Between the ancient and the modern world, technology provides a bridge

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  • At The Ohio State University’s 2022 Annual Text and Context Seminar, international scholars said modern technology provides tools for preserving and assembling clues for deciphering ancient manuscripts.

The event was held at the Ohio Union on his October 28th and was presented by the Center for Elephology and Palliative Research at the University of Arts and Sciences.

The seminar honors a long-time proponent of manuscript studies at Ohio State University and for whom the new Virginia Brown Endowed Chair in Latin Palaeology is named, the arts and humanities of the classics. Distinguished Professor Frank Coulson said.

“Like many of us in this room, all of our speakers have a personal connection and memory of Virginia Brown, a legacy we commemorate today,” Coulson said. rice field. Brown was a Senior Fellow at the Pontifical Institute for Medieval Studies in Toronto from 1970 until his death from pancreatic cancer in 2009.

“There are manuscript fragments all over the world that need to be pieced together very carefully,” says her Grotans, associate professor of Germanic languages ​​and literature at Ohio State University. I see you coming soon.”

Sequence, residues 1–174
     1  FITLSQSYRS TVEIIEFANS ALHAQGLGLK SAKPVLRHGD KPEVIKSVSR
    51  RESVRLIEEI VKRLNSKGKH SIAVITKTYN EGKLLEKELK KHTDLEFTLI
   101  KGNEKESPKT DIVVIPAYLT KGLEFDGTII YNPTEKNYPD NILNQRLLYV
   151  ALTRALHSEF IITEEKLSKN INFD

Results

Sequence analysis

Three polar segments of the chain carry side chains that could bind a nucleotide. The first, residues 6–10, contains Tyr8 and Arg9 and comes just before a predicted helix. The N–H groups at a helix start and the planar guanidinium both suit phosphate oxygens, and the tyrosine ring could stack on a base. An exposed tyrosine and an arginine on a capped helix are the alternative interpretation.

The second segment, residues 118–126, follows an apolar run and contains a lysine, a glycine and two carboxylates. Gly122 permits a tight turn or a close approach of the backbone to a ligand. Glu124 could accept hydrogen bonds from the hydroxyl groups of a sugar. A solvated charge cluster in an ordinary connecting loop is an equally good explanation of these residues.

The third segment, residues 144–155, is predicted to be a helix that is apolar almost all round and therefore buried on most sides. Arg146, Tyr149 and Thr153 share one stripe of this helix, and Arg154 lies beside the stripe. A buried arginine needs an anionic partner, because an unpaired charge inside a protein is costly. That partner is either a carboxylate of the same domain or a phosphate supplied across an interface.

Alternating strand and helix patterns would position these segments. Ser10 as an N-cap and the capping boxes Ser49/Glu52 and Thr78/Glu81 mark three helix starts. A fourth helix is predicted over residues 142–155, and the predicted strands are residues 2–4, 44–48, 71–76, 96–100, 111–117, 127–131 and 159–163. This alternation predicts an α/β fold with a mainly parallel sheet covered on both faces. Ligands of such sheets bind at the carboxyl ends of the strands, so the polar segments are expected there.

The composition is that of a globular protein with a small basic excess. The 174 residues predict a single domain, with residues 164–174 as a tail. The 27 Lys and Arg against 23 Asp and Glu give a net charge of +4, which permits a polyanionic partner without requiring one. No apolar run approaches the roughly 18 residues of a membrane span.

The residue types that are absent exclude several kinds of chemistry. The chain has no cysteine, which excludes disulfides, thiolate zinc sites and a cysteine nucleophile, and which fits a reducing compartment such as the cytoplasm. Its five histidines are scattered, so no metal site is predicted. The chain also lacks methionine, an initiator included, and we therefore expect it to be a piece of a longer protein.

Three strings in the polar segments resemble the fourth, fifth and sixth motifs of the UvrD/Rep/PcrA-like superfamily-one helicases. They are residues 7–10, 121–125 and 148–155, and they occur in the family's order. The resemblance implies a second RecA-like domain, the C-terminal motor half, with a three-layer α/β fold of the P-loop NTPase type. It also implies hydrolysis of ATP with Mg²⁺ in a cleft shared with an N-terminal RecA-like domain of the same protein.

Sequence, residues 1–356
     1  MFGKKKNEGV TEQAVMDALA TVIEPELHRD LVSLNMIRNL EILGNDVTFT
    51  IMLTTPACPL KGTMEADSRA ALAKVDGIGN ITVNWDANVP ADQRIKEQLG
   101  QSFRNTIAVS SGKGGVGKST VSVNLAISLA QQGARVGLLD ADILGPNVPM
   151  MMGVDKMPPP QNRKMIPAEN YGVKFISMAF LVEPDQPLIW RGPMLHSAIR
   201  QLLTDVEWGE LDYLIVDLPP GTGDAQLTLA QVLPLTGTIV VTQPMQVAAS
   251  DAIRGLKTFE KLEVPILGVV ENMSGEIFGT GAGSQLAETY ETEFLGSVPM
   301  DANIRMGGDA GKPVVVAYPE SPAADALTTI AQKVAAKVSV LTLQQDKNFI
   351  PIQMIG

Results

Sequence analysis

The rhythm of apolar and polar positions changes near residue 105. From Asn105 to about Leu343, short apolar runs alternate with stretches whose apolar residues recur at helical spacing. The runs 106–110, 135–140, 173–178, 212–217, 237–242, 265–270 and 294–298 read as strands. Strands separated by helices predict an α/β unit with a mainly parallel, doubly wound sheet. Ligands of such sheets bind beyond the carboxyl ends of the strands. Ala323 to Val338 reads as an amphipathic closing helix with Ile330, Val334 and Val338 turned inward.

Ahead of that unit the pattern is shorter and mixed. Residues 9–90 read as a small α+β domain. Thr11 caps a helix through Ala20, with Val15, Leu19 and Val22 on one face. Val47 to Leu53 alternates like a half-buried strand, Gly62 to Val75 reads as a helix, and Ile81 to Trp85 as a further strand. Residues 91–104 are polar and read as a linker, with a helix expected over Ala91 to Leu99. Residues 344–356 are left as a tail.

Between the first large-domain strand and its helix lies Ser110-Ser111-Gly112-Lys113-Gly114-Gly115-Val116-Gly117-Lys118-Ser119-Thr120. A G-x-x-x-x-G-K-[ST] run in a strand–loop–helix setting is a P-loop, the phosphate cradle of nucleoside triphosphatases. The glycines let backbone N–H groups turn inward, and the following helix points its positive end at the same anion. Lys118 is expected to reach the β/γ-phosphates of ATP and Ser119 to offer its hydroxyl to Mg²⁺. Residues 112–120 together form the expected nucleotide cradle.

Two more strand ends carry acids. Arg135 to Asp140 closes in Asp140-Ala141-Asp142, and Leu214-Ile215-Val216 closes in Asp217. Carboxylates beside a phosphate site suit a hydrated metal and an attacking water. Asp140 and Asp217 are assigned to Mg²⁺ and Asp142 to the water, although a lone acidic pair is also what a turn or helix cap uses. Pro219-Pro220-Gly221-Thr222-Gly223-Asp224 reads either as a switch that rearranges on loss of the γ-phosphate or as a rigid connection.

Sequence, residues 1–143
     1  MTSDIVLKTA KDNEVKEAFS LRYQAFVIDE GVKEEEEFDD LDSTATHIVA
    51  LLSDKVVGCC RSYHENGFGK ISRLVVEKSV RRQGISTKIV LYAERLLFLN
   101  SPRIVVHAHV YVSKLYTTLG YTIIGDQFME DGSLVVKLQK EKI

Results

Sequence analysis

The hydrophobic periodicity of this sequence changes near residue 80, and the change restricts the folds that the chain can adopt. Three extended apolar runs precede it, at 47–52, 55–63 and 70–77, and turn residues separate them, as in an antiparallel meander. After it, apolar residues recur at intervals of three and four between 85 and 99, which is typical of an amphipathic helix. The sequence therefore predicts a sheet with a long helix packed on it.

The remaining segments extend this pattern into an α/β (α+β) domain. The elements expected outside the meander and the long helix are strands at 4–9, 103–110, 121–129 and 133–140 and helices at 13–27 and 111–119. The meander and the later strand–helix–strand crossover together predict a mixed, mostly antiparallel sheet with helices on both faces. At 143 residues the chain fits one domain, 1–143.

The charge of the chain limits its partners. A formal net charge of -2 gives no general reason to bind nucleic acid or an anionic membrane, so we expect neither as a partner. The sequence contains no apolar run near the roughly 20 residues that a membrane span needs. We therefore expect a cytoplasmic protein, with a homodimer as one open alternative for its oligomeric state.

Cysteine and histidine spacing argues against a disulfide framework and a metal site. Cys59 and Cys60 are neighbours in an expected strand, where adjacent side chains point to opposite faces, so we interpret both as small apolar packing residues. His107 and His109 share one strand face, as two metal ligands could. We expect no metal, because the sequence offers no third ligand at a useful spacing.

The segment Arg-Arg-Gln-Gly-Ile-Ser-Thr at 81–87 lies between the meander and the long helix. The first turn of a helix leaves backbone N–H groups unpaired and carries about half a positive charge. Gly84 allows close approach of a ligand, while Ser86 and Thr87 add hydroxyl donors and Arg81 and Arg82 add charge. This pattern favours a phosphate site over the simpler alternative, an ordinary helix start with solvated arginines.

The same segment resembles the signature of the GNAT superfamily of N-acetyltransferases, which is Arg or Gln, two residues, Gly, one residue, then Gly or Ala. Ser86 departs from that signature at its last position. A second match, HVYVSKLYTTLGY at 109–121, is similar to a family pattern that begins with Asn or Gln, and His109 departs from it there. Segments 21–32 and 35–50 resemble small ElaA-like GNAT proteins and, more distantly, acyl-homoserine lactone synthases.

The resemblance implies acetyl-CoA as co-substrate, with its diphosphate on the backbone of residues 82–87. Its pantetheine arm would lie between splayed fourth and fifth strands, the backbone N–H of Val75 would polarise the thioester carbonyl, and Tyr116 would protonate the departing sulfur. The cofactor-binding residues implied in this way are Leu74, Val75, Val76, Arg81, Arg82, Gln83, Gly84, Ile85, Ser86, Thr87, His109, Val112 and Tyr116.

Keynote speaker Anna Grotans, who mentors scholars at Ohio State University and those studying ancient manuscripts around the world, said she was also an innovator in fragmentology, the study of remaining fragments of manuscripts.

Modern technology has made it easy to scan ancient texts into digital form, ensure that the texts will survive for generations, and make them available for analysis by scholars in different parts of the world. She can, Grotans said.

“In 2014, thousands of fragments of the Dead Sea Scrolls were made available online,” he said, allowing scholars who previously had little or no access to ancient Hebrew artifacts to contribute to their research. she has become. Luisa Nardini, a professor at the University of Texas Austin Butler School of Music and a self-proclaimed mentor of Virginia Brown, says the fusion of ancient and modern technology will help today’s society learn from the past.

“There is no doubt that digitization will enable more discoveries,” said Nardini. “At least you can index [old manuscripts] for campus databases.” Marjorie Curry Woods, professor emeritus at the University of Texas at Austin, said greater access to ancient manuscripts will help undergraduates understand the importance of studying historical documents.

“Complicated things can be read if you read them slowly and carefully and read them many times,” she said. “I think there are ways we, as scientists, can see and encourage more use of complex material that students believe they can’t access or read. But they can.” And they feel like they’ve actually accomplished something. “

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